California lawmakers are considering legislation that would allow electric utilities to charge consumers for certain types of services such as water, phone calls and sewer services.
The proposed bill, Senate Bill 4, is a response to a series of lawsuits filed by the Edison Electric Institute, a trade group representing the state’s electric utilities.
The group says that California’s electric bills are among the highest in the country.
Under the bill, utilities would be allowed to charge customers for certain water, sewer, phone and other services, which are currently free of charge.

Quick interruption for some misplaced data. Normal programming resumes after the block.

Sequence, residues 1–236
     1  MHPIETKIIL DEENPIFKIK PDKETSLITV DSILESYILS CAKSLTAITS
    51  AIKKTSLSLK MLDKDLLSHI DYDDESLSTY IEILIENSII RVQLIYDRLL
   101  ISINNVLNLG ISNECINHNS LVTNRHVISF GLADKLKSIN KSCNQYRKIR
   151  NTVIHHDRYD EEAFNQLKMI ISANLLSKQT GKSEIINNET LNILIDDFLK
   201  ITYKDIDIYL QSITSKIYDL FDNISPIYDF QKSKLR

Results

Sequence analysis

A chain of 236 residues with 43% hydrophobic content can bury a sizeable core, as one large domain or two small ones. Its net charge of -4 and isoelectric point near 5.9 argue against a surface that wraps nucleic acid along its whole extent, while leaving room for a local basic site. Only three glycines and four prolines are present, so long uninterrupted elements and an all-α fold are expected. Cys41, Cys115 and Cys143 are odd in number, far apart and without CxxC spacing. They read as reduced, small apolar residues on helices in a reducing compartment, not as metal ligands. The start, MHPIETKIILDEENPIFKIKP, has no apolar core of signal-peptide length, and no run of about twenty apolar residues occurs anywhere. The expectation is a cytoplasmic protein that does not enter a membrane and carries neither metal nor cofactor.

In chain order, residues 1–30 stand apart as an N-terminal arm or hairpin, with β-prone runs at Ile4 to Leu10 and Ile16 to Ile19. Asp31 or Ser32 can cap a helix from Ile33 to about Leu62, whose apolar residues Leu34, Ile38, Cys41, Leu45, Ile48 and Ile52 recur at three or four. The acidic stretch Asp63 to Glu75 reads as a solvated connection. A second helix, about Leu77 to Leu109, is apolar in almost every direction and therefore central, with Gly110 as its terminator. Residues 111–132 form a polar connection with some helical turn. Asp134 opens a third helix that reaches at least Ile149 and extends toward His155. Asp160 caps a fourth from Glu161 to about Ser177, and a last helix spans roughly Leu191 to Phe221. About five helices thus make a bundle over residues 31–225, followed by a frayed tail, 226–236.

Utility companies would also be allowed charge customers additional fees to cover certain costs.
The bill also would provide for more transparency and a mechanism for consumers to appeal the charging decisions, as well as a mechanism to ensure the bills reflect the full cost of the service, the Edison group said in a statement.
The bills would also allow consumers to file a complaint with the Public Utilities Commission if they believe they have been overcharged.
The proposal is expected to be approved by the Senate Finance Committee later this month.
The measure was introduced after a series in recent years of lawsuits brought by the California Edison Electric Agency and the California Public Utilities Association (CPUCA).
The Edison groups say that California has the highest electric bills in the nation.
The CPUCA said that it will file a legal challenge to the legislation, arguing that the bills are an unconstitutional attempt to impose higher costs on consumers.